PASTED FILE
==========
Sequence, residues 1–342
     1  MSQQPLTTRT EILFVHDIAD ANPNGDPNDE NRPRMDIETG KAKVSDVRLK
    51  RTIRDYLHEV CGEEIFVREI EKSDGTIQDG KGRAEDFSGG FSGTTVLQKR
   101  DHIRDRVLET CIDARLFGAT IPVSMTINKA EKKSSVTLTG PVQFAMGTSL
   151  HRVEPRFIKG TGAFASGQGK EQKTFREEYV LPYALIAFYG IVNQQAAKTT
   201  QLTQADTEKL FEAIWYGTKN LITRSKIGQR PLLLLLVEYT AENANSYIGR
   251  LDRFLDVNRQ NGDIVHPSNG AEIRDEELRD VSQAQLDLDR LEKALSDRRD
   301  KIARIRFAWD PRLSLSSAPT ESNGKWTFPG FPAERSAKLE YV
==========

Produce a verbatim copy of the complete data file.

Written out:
Sequence, residues 1–342
     1  MSQQPLTTRT EILFVHDIAD ANPNGDPNDE NRPRMDIETG KAKVSDVRLK
    51  RTIRDYLHEV CGEEIFVREI EKSDGTIQDG KGRAEDFSGG FSGTTVLQKR
   101  DHIRDRVLET CIDARLFGAT IPVSMTINKA EKKSSVTLTG PVQFAMGTSL
   151  HRVEPRFIKG TGAFASGQGK EQKTFREEYV LPYALIAFYG IVNQQAAKTT
   201  QLTQADTEKL FEAIWYGTKN LITRSKIGQR PLLLLLVEYT AENANSYIGR
   251  LDRFLDVNRQ NGDIVHPSNG AEIRDEELRD VSQAQLDLDR LEKALSDRRD
   301  KIARIRFAWD PRLSLSSAPT ESNGKWTFPG FPAERSAKLE YV